A: Don’t repeat (your mistakes). Hard fought lessons are the best lessons. You can never do enough research. Never fall in love with your own ideas; poke holes in your own ideas. When North 44 was built, (I) spent twice as much money than (I) had (on the) design and build process. When it comes to spending money (or) realizing a project, (you) always have to pay the money back…(easy to) get carried away.

Q: Of the various aspects of your career, what are you most passionate about?

A: My connection to clients. (I) love that about the industry…every business has its moments of frustration (but I like the) nice simple direct relationship with clients.

Q: What has been the biggest challenge of your career to date?

A: (The) task of trying to stay fresh…and stay relevant. (It’s like a) theatre show…can’t get tired of the rhythm. Have to attack it every day…looking to get better every single day.

Q: What has been your proudest moment of your career to date?

A: (There isn’t) a single moment. (I’ve) cooked for famous people…spent a week with the Pope cooking for him. Best thing about (my) career is that at 58, people respect what I’ve done and (I’ve) been in the game a long time. Building up that reputation and respect is hard fought.

Q: What are you currently excited about in terms of new approaches to cooking and food?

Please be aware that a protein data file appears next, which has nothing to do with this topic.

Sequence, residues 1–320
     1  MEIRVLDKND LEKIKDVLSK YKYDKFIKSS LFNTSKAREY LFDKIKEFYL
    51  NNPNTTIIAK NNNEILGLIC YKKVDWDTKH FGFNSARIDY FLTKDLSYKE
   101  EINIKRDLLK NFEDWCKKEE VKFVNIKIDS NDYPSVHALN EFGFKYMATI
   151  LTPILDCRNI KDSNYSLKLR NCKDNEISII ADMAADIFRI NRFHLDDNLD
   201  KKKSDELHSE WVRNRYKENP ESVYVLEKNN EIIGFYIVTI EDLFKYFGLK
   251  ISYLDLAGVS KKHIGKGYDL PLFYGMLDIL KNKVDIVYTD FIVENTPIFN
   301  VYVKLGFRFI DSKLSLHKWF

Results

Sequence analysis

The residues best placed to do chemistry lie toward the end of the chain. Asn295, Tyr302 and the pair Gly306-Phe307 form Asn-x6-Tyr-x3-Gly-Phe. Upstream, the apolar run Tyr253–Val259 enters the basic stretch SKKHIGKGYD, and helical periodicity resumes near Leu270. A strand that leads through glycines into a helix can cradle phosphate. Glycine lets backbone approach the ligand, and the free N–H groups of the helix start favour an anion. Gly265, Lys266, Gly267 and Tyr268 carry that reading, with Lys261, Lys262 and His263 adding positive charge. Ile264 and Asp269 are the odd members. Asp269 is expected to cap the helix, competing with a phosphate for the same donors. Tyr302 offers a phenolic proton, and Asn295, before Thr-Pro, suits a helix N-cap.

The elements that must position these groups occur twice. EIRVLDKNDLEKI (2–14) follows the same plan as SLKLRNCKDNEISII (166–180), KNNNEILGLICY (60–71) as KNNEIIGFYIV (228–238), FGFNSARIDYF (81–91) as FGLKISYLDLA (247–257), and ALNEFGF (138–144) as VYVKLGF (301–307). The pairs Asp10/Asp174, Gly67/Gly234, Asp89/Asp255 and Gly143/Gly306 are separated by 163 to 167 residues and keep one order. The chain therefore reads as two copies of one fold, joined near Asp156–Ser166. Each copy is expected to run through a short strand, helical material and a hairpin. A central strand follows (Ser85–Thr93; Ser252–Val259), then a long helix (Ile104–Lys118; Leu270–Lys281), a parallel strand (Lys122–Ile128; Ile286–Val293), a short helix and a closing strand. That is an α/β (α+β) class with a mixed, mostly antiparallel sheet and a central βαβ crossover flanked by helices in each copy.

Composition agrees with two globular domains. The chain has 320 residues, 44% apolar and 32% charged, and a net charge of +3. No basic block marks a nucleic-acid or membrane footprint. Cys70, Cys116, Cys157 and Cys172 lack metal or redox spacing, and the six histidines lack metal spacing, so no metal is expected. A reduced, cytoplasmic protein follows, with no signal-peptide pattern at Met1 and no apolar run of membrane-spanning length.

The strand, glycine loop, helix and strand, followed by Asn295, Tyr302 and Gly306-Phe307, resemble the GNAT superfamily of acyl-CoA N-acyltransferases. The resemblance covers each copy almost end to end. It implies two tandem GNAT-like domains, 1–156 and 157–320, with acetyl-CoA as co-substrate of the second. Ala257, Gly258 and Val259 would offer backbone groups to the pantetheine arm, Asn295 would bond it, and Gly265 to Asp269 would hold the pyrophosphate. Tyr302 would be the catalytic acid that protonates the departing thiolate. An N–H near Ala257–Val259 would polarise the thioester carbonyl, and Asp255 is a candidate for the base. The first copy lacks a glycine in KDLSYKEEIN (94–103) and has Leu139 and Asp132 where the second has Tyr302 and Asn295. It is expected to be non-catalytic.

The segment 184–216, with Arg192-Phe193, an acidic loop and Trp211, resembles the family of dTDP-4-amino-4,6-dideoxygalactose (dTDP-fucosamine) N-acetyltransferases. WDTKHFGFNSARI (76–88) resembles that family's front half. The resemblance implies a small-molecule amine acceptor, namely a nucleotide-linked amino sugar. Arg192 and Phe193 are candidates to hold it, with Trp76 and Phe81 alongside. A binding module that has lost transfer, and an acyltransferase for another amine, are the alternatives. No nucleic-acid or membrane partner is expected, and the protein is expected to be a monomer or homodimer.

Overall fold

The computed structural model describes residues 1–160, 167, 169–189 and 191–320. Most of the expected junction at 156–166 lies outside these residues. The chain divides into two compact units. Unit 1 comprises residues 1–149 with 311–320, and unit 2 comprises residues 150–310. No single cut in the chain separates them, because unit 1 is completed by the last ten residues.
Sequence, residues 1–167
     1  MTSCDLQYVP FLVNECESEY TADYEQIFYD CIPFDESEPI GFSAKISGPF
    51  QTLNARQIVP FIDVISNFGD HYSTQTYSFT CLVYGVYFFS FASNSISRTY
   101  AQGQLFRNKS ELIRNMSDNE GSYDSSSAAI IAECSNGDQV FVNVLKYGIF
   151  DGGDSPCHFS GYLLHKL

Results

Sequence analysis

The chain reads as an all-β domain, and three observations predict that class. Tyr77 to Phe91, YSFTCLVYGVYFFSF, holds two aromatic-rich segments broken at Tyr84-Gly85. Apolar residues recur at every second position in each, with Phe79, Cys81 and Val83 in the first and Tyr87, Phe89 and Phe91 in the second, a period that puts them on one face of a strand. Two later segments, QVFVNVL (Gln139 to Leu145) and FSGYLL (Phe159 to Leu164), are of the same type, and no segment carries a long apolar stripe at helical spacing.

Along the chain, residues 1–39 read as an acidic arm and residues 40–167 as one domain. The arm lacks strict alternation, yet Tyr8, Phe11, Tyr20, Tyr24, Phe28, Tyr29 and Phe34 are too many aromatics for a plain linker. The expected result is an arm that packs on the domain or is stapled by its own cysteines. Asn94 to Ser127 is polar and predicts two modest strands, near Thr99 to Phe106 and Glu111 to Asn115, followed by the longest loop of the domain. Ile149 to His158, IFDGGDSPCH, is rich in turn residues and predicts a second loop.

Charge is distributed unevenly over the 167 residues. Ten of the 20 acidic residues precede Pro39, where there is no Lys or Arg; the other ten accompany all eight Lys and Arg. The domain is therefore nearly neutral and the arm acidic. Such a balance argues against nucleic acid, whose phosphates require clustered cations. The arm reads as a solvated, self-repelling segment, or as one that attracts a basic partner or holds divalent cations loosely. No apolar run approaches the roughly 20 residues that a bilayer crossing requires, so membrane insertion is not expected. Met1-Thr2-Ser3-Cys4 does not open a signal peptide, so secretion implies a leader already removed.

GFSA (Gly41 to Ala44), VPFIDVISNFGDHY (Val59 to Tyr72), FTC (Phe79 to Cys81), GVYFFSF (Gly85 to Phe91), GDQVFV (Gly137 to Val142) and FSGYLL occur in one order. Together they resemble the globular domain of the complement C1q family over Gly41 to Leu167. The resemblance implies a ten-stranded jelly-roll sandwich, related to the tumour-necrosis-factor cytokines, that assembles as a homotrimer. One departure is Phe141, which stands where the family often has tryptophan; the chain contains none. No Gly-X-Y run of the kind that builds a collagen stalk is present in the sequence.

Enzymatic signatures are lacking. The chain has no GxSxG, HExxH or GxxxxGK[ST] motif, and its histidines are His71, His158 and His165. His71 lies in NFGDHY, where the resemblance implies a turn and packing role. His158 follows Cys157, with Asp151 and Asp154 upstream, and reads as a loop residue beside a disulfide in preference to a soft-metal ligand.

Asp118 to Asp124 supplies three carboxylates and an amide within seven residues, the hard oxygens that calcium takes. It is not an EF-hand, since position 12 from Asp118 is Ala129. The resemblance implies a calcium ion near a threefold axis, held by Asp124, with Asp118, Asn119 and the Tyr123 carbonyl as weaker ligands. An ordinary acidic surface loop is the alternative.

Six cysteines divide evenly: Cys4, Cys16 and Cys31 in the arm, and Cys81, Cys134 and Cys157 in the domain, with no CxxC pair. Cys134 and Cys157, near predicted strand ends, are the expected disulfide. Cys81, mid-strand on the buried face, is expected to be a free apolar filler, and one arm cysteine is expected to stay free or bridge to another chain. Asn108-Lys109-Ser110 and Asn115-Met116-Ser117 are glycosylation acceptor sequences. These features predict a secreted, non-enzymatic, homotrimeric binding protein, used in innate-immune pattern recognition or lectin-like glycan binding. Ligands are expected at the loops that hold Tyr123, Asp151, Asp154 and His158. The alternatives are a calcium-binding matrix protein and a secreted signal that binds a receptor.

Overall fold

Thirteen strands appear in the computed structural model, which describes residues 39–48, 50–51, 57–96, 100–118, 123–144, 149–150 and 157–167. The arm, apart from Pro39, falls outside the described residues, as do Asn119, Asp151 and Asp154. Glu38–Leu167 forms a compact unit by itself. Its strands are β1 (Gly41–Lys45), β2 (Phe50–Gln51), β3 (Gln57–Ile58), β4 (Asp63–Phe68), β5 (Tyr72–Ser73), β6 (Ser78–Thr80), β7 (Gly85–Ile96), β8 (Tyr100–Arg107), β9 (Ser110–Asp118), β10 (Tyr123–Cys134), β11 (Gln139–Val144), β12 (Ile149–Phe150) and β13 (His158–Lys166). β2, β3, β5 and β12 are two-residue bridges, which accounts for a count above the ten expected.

A: Excited that market has matured. (The) concept of a trend isn’t a trend anymore. (It’s) about good processes, good regional food, old styles of cooking and delivering amazing basics. (A) loaf of bread has become important. Comes through education…gimmicks are just gimmicks. Maturity in industry really resonates…(knowing you) can do an excellent job and do well…not about crazy décor, concepts or fusion. About good operations.

Q: What does the future hold for you?

A: (I will) continue to build retail…will build restaurants and grow carefully. We have lots of room to move in GTA and will do that. (It’s a) tough game to brand yourself in the restaurant (business)…finding chefs, a gifted barkeep…(it’s an) art form to find a gifted barkeep. You can only build a restaurant if you have a team; it’s all about the team. (You) need the right chefs and (team) to manage the craziness of (the) industry. (I’ve) never seen a bigger build in Toronto than over the past 5 years…onslaught of restaurants…3800 restaurant seats have opened in fine dining.

On the topic of building a brand…

I never thought about building a brand. I was (focused on) doing a proper job. Sometimes (one) can be too single minded about building a brand…it’s about service, delivery and consistency of delivery. A couple of years ago, (it was) very fashionable to talk about brands.

The final word…

You need to connect with clients on a personal level. I tell all managers, chefs, (those who) wait on tables…that’s what we do. (We) need to lie down and take it for the clients. (It’s) completely self sacrificing. (You) can’t have an ego about yourself. (That’s) why a lot of people have crashed and burned in the industry.

Further information about The McEwan Group, including restaurants, stores and recipes can be found at